latvia

Since independence from the Soviet Union in 1991 Latvia has become the most popular Baltic travel destination.

After a lovely breakfast at your stunning Art Nouveau Riga hotel, travel to the hidden Soviet-era bunker at Ligatne. After lunch in the midst of serene Gauja National Park, continue to sandy Vecaki Beach for a relaxing afternoon swim.

To finish off an exciting day, enjoy a sumptuous dinner in a romantic square in the historic center of Riga, followed by, perhaps, a memorable experience at the Riga Opera.

HIGHLIGHTS

The capital Riga is characterized by its many small cozy squares, with an impressive array of good restaurants, bars, cafées, museums, and galleries.

Cobblestoned alleyways? binds the city center together, as they have since the middle ages, and it is all surrounded by the old moat, outside which lies in the modern city.

Riga is also famous for its treasure of almost 800 buildings erected ? in the architectural style of Art Nouveau, by some referred to as Jugend Style, built by grandmaster architect Mikhael Eisenstein around the turn of the twentieth century.

facts

Area: 25,000 sq mi / 65,000 sq km squeezed between Estonia to the north, Lithuania to the south, Russia to the east, and Riga Bay, part of the Baltic Sea, to the west.

Geography: A typical Nordic landscape, dominated by dense forests, and fertile fields to the south.

Population: 2,2 mio. inhabitants, of which 62% are Latvians, approx. 26% Russians, and approx. 8% Belarussians? and Poles, in addition to a few percent of others.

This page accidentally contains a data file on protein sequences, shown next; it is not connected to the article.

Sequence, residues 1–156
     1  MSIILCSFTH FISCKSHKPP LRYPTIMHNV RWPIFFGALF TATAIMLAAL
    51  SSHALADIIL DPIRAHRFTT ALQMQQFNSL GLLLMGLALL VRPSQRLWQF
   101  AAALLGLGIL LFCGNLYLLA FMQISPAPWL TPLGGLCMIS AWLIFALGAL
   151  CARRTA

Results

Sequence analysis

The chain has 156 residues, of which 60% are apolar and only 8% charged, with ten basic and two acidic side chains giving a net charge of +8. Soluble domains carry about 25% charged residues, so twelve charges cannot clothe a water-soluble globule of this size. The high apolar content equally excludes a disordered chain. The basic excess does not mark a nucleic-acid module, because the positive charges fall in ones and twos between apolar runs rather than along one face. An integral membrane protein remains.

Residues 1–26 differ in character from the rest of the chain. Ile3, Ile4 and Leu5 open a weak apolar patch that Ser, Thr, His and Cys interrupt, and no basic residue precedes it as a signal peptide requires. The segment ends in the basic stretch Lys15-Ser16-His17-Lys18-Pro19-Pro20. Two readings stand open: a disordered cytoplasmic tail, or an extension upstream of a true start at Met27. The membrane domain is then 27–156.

Capital: Riga with approx. 700,000 inhabitants.

Climate: Continental climate with great variations in temperature during summer and winter, due to the close proximity to Russia and Siberia. Best time to visit is May to September.

explore latvia’s attractions

RIGA

The lovely squares & art nouveau of the capital 

THE MIDDLE AGE ATMOSPHERE

LIGATNE

Its intact Soviet bunker 

latvia: a brief introduction


The diocese was established in 1201, and Latvia was soon integrated into the Hanseatic League. The sixteenth century was dominated by the reformation and Russia’s expansion toward the Baltic Sea during the rule/reign of Ivan the Terrible, but the country fell into the hands of Sweden during the seventeenth century. Peter the Great reclaimed Riga from the Swedes in 1710, while the city kept its trading privileges.

Following the abolishment/reversal? of the serfdom in 1819, the city attracted farmers from the countryside, which contributed to Riga becoming the world’s largest forestry harbor for wood from the Russian/Siberian Forests. For a brief period of time, between the two World Wars, Latvia again became independent. During WWll it was occupied and “freed” repeatedly/several times? by the Nazis and by the Red Army.

Until 1991 Latvia was a part of the Soviet Union. The Paris of the North has now regained its composure and offers visitors a warm welcome. In 2004 Latvia became a member of both the EU and NATO. From 2008-10 it suffered during the financial crisis but has now fully recovered, since 2012 with annually growing financial surplusses.

In 2014 Riga was European Culture Capital, which was also the year when Latvia adopted the Euro. A vast majority of the population also speaks Russian, while most young people use English as their second language.